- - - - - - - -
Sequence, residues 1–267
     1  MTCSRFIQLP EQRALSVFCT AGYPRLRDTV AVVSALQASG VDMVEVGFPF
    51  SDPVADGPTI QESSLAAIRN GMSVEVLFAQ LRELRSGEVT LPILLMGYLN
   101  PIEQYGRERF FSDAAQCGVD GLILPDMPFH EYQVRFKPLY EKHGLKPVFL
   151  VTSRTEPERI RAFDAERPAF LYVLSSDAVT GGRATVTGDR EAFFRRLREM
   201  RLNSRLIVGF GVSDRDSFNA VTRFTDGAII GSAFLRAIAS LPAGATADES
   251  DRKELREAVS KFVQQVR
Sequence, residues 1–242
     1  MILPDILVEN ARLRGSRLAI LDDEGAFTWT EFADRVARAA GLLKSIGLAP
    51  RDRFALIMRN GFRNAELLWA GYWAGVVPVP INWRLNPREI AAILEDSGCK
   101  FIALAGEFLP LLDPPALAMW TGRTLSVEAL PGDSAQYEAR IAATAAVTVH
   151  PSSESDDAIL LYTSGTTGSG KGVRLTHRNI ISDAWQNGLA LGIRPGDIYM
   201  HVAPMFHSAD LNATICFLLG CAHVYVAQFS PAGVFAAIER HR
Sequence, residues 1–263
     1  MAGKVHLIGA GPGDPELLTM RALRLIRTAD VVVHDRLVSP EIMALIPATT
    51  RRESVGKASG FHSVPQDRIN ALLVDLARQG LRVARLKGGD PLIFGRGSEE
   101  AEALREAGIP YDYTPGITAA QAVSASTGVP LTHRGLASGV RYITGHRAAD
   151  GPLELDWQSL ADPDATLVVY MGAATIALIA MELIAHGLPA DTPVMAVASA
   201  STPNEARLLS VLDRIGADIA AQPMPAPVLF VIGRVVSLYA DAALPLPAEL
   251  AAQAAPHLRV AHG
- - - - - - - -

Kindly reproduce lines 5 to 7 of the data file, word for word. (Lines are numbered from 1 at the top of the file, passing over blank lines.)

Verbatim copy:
   151  VTSRTEPERI RAFDAERPAF LYVLSSDAVT GGRATVTGDR EAFFRRLREM
   201  RLNSRLIVGF GVSDRDSFNA VTRFTDGAII GSAFLRAIAS LPAGATADES
   251  DRKELREAVS KFVQQVR